The Bonsai Fundamentals Course is the latest installment from Bonsai Empire’s series of online courses. This course is hosted by instructor Michael Hagedorn and is filmed at Shinji Suzuki’s garden in Obuse, Japan.
For those who have yet to visit Suzuki’s garden, the course is a good opportunity to see what it looks like in summer. There are plenty of garden shots and ample close-ups of Suzuki’s prize-winning bonsai.
Conifers in Shinji Suzuki’s garden in Obuse, Japan
The course itself consists of 20 videos that cover plant physiology, Japanese aesthetics and design principles.
The unit on plant physiology provides an overview of how plants function in terms of hormones, photosynthesis and sugar movement. Upon completing the unit, my immediate reaction was to watch it again as Michael did a great job providing key insights that directly inform common bonsai practices.
From plant physiology, the topic shifts to Japanese aesthetics. Michael provides a brief introduction of terms like wabi, sabi, shibui and yuugen, among others.
I wasn’t sure, at first, how the seemingly diverse topics fit together, but all became clear in the course’s third section on design principles. It seems to me that the entire course is aimed at providing a holistic foundation for how to approach bonsai. Many seemingly arbitrary bonsai practices are soundly rooted in the physiology of how trees and shrubs grow. Likewise so many styling conventions.
Armed with this information and informed with some key concepts of Japanese aesthetics, we can begin to unlock the why behind so many bonsai practices.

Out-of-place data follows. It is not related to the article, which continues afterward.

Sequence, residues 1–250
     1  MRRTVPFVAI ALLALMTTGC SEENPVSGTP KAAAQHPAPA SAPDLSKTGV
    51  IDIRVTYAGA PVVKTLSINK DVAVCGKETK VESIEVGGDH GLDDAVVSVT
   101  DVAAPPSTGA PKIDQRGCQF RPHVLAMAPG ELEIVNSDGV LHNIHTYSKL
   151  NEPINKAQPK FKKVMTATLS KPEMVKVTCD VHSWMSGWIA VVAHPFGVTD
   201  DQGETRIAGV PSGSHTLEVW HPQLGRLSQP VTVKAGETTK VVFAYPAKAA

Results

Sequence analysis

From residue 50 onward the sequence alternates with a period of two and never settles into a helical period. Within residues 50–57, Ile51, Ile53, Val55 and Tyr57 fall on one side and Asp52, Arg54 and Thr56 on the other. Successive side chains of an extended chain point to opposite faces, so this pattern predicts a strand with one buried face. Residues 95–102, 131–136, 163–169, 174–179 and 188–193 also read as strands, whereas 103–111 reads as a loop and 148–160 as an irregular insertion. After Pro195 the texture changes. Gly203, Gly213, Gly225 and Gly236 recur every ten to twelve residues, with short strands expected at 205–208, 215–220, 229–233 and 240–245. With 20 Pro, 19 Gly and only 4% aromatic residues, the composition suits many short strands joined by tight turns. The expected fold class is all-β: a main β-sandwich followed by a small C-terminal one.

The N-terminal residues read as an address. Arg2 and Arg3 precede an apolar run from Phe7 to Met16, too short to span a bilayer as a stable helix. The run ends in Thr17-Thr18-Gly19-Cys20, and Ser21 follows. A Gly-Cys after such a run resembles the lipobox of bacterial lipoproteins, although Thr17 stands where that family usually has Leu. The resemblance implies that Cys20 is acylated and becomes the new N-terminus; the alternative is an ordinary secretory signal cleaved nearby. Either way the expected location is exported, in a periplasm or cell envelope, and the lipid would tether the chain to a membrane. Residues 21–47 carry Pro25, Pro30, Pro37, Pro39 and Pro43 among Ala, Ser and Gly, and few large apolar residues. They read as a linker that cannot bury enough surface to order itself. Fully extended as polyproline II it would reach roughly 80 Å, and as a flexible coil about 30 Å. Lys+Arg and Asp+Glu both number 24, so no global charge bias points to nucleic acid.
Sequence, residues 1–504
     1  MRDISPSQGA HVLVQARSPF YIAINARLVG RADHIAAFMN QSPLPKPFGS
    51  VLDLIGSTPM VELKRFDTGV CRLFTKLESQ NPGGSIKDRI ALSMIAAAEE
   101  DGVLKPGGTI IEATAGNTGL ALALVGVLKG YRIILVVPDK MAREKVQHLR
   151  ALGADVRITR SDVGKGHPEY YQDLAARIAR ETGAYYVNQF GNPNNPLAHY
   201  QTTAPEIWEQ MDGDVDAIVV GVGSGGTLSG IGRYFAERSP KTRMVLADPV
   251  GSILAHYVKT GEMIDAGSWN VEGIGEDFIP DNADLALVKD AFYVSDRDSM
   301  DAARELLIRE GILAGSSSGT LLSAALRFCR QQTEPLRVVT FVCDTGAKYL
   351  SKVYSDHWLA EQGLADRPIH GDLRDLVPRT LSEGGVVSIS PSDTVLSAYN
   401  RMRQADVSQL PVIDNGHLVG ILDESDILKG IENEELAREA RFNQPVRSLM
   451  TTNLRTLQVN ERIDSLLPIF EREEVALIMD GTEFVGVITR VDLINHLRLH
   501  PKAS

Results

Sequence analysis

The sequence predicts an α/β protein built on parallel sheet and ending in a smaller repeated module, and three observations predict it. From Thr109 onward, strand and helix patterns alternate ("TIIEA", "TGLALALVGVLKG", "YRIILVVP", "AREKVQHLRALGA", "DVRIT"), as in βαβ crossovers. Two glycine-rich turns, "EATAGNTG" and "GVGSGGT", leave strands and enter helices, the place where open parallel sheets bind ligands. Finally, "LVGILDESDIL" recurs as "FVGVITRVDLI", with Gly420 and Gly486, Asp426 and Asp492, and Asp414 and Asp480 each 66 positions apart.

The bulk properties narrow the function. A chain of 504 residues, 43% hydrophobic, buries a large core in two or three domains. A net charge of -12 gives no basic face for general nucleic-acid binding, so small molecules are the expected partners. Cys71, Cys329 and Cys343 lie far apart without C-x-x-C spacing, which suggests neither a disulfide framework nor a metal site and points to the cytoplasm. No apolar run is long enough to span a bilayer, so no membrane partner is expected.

Michael Hagedorn in Suzuki’s garden
Unlike so many beginner references, this course will likely provide at least some new information for enthusiasts of all levels.
Don’t, however, expect great detail on any of these topics. As the title indicates, the course provides bonsai fundamentals only. With a total runtime of under two hours, only so much detail is possible given the scope.
Bonus material includes a discussion with Shinji Suzuki and a tour of Michael’s Portland, Oregon, bonsai garden.
What, if anything, would I like to see included? Some form of written reference. Many of the topics covered are valuable enough that I’d like to refer to them from time to time. This might say more about my learning style than it does about the course, but it also speaks to how useful I found the information as I plan to incorporate a number of these topics into my teaching.
Shinji Suzuki’s bonsai garden
The course is available now from Bonsai Empire. To see a complete list of course topics and to register, go to the Bonsai Fundamentals Course.
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Mac McAtee says
It is always good to review fundamentals no matter what stage of bonsai you consider yourself to have accomplished. And for that matter there is always new information coming forward that you won’t know about if you don’t go back and see what is being done currently. As well as getting ideas and opinions from all manner of experts helps you form an opinion of how you view a particular topic.
I took the course and fully agree with you about written content. It would be great if you could flip through a notebook to a particular topic in the course, then find the exact statements about one part of it, without having to run to the computer and sit through a video looking for what was said.
Bruce Harris says
Questions: What is the cost if any? Does it include providing copies of the 20 videos for those that sign up or is it watching the videos in a logical order? I apologize if I missed these details in your message. I believe they were contained in the Mirel three level offer from Ryan Neil.
Hi Bruce – the course is currently priced at 39.99 for unlimited online access to the course content. You can watch the videos in any order. If you are curious to get a feel for the course, the unit on water is available for free.